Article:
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How Labour and the Lib Dems are attacking the Tories’ marriage tax break

10 April 2010

10:27 AM

10 April 2010

10:27 AM

This morning, we’ve already seen the two primary attacks which will be used against the
marriage tax break outlined by George Osborne in the Times today.  The first came courtesy of Vince Cable, who said it represents a "derisory" sum of £3 a week for those who benefit from
it.  And the second was from Ed Balls – who else? – who labelled the
policy as "discriminatory," because it doesn’t cover every married person, and nor does it account for couples who split.  Or as he rather suggestively put it: "if your husband
beats you up and leaves you you get no support."

One thing worth noting is how the Tories’ opponents aren’t majoring on a fiscal irresponsibility angle, as they’ve been trying to with the national insurance cut.  Part of the reason for this,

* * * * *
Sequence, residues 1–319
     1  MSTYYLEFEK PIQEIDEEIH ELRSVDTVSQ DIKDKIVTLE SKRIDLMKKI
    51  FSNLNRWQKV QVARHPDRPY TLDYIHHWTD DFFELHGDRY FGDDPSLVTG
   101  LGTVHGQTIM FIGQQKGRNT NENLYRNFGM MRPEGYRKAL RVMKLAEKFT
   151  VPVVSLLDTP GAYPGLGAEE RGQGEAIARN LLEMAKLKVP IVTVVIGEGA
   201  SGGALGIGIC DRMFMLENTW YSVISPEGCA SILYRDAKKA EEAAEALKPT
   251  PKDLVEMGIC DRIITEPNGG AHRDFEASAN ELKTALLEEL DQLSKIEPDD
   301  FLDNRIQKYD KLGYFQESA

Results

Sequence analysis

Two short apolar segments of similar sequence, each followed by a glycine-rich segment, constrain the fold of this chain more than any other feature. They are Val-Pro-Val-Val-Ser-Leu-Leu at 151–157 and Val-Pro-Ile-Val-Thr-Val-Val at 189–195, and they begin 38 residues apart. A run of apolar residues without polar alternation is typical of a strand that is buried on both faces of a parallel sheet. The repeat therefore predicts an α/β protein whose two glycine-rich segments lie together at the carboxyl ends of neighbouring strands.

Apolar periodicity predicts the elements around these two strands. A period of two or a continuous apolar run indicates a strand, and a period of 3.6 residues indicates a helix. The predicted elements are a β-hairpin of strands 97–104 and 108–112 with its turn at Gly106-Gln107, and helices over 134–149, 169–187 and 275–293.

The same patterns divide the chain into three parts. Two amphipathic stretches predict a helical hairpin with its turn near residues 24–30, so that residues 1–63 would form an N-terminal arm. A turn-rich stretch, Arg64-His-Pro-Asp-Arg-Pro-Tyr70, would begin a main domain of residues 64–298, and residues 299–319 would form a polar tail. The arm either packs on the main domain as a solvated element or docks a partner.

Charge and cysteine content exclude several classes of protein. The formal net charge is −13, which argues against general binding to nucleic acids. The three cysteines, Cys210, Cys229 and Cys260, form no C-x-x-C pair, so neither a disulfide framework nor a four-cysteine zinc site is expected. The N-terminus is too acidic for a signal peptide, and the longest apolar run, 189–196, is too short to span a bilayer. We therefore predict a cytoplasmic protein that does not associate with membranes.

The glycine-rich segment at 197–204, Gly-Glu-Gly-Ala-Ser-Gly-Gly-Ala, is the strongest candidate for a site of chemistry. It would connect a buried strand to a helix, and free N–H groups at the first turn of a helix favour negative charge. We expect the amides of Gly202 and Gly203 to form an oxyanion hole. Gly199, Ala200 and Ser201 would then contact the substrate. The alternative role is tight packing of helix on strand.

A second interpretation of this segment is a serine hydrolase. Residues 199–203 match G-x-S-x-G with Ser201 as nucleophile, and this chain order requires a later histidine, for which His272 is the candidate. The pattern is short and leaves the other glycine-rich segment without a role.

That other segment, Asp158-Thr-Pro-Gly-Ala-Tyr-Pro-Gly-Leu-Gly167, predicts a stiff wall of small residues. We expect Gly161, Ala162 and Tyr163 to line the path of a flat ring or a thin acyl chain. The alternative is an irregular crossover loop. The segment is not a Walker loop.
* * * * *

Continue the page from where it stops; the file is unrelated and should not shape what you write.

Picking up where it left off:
I suspect, is because the Tories are funding it out of a bank levy, and Labour and the Lib Dems would hate to look like they’re sticking up for those dastardly bankers.  But the main reason is
probably because the policy is relatively cheap at £550 million. Even though all signs are that the Tories will expand it – or something like it – in the fullness of time, this
fact allays my previous worry that the Tories would make an extremely costly
statement at a time when we can’t afford extremely costly statements.


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